Why Video Games: Telltale's The Walking Dead Season One and Two - Can't Stop the Movies
Can't Stop the Movies
31Jul/150

Why Video Games: Telltale’s The Walking Dead Season One and Two

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Earlier video game writing was under the banner Why Video Games, now Pixels In Praxis.  For a FAQ on Pixels In Praxis and explanation of spoiler policy, click here.

The threatI was wondering when we would get to Telltale's take on the media juggernaut that is The Walking Dead.  It was one of the series I wrote about glowingly in our first article, and considering the way adventure games have found a breath of new life in this current generation of Steam and touch pads it seems necessary to examine just what it is that made The Walking Dead so special for me.  But, more importantly, I'm curious about what design and storytelling observations you made during your first run through of the game, as you suggested this after we finished up Octodad.  Not only was it a game series you had not yet touched, but also in a fictional universe you'd not partaken of in other forms of media.

In preparation for this piece, we played both Season 1, the 100 Days side-story that bookends Season 1, and Season 2.  It makes sense for us to speak of these things as a whole, but to do so I'm going to have to deal with my emotional ties to Season 1, the curiosity generated by the chopped up storytelling of 100 Days, and then the immense dislike bordering on hatred of Season 2.  For this first time, we're going to be dealing with something in our thoughtful fashion that I did not enjoy, for reasons I want to share and hopefully elaborate with you over the course of this conversation.

As a long-time adventure gamer weaned in the Sierra mold, the player / avatar framework which drives the two Seasons was incredible.  So as much as I do strongly dislike Season 2, there's still a freshness to adventure gaming which I haven't felt since they died a temporary death at the birth of 3D gaming.  Telltale's Walking Dead games are a stirring example of how far we've come, but still how far we can go, and potential regressions to avoid along the way.  Since this was your first walk among the dead, how did you react?Brief warmthHaving played two seasons worth of The Walking Dead, there are a number of fascinations about this experience I hope will unfold as we go, but there is one thing at the top of my list as an obstacle and an open question for us and the gaming world. It's something I began asking myself from the beginning of my play through, and only stopped asking myself to eliminate the distraction. And the question is "Is The Walking Dead even a game?". I never felt like I had control over the story. So far as I could tell, the puzzles had an extremely limited set of options, and some only had one solution (a matter of finding a particular key to open a door, etc). I felt an unusual lack of agency as a player, and that troubled me and gave me pause for a while. Now I'm going to skip straight to my conclusion on the matter and then we can go back through and examine the why and wherefores as they seem relevant. The conclusion I drew was that yes, it is a game. But not based on any criteria I had previously.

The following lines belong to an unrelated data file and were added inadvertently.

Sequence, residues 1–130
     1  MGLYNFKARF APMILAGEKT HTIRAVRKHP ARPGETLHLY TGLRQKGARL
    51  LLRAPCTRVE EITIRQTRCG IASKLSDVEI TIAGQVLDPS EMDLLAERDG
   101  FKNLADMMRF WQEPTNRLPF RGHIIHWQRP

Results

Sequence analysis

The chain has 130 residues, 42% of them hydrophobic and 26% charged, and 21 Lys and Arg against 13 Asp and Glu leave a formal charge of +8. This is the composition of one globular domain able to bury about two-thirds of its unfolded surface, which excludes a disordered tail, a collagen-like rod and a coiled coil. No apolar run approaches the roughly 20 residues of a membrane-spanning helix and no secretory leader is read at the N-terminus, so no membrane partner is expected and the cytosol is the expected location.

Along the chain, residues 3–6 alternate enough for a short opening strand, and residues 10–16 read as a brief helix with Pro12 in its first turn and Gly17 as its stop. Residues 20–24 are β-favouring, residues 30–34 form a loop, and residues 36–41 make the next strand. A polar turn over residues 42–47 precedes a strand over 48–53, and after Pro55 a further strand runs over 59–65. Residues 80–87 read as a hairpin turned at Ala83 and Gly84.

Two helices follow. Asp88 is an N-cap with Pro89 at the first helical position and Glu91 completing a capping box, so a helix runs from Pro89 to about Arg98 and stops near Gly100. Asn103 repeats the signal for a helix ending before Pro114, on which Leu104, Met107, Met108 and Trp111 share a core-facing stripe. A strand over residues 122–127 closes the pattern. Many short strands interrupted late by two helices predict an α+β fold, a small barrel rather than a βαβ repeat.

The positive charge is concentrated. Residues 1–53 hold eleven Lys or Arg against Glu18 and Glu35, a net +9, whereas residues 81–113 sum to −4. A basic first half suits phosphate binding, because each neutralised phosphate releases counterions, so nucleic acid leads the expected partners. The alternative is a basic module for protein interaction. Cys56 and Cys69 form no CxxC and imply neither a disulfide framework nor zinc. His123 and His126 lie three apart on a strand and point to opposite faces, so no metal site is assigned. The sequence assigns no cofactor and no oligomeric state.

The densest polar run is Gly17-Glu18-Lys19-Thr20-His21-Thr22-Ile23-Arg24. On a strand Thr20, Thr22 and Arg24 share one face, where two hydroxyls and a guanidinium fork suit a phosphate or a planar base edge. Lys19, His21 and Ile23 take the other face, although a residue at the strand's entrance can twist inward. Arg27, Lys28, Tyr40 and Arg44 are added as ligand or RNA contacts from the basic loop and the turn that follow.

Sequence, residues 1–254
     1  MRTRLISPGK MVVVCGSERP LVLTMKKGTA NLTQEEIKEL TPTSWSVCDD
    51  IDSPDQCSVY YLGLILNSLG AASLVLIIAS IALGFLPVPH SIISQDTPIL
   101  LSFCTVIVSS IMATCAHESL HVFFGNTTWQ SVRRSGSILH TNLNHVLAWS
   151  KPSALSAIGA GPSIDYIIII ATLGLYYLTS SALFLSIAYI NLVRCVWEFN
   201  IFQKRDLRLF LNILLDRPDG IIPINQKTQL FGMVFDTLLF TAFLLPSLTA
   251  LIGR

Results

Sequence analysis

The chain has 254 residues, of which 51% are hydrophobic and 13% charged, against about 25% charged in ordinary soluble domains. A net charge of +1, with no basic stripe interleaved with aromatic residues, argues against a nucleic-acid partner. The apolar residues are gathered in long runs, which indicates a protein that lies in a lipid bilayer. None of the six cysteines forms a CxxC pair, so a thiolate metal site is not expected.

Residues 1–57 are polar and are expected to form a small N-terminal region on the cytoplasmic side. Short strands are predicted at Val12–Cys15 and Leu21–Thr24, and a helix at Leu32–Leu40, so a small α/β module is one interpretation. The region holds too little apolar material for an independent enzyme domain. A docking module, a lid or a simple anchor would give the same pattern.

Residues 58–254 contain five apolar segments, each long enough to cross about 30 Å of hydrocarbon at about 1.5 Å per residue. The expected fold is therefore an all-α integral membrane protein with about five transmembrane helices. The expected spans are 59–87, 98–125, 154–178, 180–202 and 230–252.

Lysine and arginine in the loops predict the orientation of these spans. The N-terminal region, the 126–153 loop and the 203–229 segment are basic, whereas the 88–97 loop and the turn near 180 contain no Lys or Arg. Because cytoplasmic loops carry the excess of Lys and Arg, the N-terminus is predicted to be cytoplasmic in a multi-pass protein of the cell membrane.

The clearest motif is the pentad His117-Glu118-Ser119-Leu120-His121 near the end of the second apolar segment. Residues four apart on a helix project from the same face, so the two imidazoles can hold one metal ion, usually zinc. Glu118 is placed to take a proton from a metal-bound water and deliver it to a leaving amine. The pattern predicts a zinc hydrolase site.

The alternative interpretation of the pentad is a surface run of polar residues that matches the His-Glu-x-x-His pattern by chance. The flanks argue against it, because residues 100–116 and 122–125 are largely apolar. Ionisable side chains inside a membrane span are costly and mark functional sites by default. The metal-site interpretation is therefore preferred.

In our series introduction, we made a statement about exploring the idea of games as the approximation of some experience. And by that definition, The Walking Dead knocks it out of the park. There is no doubt about what experience is being had, and though there are some narrative forks in the road, the depth of the apocalyptic experience and the emotional investment that were awakened within me as a player are unprecedented.

I still have this nagging question about how to dig down into this experience analytically. Genre tags like "adventure" and "interactive fiction" all share bits and pieces of similarity to my observations about The Walking Dead, but none of them quite hit the nail on the head.

With adventure games, The Walking Dead shares the generally linear story progression to a singular ending, where the focus is on the cleverness and richness of the journey through the content. With interactive fiction it shares a focus on the value of the writing and the characterization of the world and its inhabitants. I thought for a while this might be an appropriate genre assignment, with voice acting and animation substituted for a text display. But in some interactive fiction titles I've explored, there are various and sundry endings and turns of the story that I didn't feel were present on the steadfast hand of the writers of The Walking Dead. As both a player and a developer, I felt that no matter what choices I made, the experience was steering me with unsettling inevitability toward one conclusion.